The Baltimore Plot: The First Conspiracy to Assassinate Abraham Lincoln

The Baltimore Plot: The First Conspiracy to Assassinate Abraham Lincoln

by Michael J. Kline
     
 

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On February 11, 1861, the "Lincoln Special" - Abraham Lincoln's private train—began its journey from Springfield, Illinois, to the City of Washington, carrying the president-elect to his inauguration as the sixteenth president of the United States. As Lincoln made his way east, America's original private detective, Allan Pinkerton, and a separate

Overview

On February 11, 1861, the "Lincoln Special" - Abraham Lincoln's private train—began its journey from Springfield, Illinois, to the City of Washington, carrying the president-elect to his inauguration as the sixteenth president of the United States. As Lincoln made his way east, America's original private detective, Allan Pinkerton, and a separate operation by New York City detectives, uncovered startling evidence of a conspiracy to assassinate Lincoln during his next-to-last stop in Baltimore. In The Baltimore Plot: The First Conspiracy to Assassinate Abraham Lincoln, Michael J. Kline turns his legal expertise to evaluating primary sources in order to discover the extent of the conspiracy and culpability of the many suspects surrounding the case. Full of memorable characters, including Kate Warne, the first female undercover agent, and intriguing plot twists, the story is written as an unfolding criminal proceeding in which the author allows the reader to determine whether there was a true plot to kill Lincoln and if the perpetrators could have been brought to trial.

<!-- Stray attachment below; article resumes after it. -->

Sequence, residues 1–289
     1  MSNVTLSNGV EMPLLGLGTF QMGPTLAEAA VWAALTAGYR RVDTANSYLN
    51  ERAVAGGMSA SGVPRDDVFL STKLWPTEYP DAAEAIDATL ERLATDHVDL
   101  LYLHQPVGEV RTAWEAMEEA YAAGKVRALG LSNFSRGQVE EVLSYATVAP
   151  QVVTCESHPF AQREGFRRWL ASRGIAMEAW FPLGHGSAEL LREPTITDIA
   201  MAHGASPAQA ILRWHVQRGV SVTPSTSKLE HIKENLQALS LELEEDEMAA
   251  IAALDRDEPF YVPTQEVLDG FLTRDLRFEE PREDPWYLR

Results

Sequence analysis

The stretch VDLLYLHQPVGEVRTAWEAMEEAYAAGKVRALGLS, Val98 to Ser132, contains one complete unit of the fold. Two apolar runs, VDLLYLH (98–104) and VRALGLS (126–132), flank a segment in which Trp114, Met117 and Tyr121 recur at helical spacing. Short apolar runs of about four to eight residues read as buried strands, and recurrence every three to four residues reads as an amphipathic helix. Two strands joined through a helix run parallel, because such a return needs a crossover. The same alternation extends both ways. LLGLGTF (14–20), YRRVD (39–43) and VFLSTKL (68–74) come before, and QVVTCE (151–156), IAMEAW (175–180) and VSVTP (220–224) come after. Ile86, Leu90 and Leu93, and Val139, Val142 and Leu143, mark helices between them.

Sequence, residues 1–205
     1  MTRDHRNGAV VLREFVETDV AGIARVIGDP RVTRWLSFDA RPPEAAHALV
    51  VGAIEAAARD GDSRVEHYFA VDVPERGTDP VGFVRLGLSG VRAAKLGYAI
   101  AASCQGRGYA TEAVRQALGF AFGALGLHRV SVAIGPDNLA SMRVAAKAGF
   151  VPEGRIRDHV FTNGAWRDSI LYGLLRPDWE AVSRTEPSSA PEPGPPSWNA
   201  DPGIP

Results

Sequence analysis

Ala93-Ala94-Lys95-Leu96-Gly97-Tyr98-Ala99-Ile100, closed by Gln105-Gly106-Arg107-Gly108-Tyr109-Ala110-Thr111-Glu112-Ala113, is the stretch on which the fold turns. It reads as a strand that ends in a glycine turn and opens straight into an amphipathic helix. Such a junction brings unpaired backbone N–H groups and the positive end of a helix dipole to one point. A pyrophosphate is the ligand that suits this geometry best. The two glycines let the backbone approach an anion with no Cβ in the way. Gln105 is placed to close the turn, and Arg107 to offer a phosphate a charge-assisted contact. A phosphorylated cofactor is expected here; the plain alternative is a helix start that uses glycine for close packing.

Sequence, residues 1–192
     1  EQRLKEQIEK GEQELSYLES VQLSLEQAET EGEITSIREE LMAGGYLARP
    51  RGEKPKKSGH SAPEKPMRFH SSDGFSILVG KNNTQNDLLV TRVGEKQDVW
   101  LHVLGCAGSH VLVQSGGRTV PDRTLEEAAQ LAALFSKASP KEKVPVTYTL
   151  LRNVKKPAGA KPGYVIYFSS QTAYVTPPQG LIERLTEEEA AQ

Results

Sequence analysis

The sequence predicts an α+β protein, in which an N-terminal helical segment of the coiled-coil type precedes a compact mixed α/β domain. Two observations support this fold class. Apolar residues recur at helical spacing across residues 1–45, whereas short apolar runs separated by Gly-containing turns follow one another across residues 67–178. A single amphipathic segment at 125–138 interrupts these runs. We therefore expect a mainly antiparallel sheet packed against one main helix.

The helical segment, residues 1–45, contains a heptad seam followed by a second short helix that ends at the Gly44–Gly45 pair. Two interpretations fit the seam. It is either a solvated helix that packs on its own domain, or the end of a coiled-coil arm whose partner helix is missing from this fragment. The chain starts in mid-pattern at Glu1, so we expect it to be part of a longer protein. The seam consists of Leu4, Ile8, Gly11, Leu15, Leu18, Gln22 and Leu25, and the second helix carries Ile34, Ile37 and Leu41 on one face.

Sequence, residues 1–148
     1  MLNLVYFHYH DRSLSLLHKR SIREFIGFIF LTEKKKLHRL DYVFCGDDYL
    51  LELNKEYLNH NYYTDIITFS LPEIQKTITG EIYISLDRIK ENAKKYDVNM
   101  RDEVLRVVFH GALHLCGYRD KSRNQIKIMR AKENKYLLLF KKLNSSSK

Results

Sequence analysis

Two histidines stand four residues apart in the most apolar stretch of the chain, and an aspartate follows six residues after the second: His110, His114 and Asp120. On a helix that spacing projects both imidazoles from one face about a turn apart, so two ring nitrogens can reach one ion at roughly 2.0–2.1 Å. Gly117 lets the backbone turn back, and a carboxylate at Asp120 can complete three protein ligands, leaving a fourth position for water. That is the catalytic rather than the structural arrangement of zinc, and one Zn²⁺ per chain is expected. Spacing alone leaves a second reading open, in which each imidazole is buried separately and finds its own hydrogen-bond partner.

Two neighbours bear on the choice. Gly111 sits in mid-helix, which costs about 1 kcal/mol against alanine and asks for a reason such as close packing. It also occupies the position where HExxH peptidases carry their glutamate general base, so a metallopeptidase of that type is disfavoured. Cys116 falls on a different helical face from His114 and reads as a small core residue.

Editorial Reviews

Library Journal

Corporate lawyer Kline details an alleged plot to which most Lincoln books only allude. President-elect Lincoln journeyed by private railway from Springfield, IL, through Maryland to his 1861 inauguration and, in Baltimore, escaped from what was probably the first conspiracy to assassinate him. The alleged plotters were never brought to trial. Kline contextualizes Baltimore as the largest city of a pro-secessionist border state, where previous tumults had earned it the sobriquet "Mobtown." Foiling the plot burnished the reputation of private detective Allan Pinkerton, among others. Lincoln's protectors saved his life but not his reputation. The press ridiculed Lincoln for resorting to disguise when moving between stations in Baltimore in the midst of his otherwise highly publicized "Lincoln Special" to Washington. Lincoln thereafter vowed never to hide. Kline translates legal concepts into comprehensible language, making readable an at times exhaustive examination of a scheme tied together through the "circumstantial evidence of motive, means, and opportunity." Kline invites his readers to serve as judge and jury and to conjecture how history would have been different had such a conspiracy succeeded. Comparing favorably with Harold Holzer's Lincoln President-Elect, this book demonstrates the use of archival sources beyond the usual standard and is recommended for libraries serving specialists and general readers.
—Frederick J. Augustyn Jr.

Product Details

ISBN-13:
9781594160714
Publisher:
Westholme Publishing
Publication date:
11/17/2008
Edition description:
1
Pages:
536
Product dimensions:
6.50(w) x 9.30(h) x 1.70(d)

Meet the Author

Michael J. Kline is a senior corporate attorney in Atlanta. He is the former editor of the Journal of Law and Commerce.

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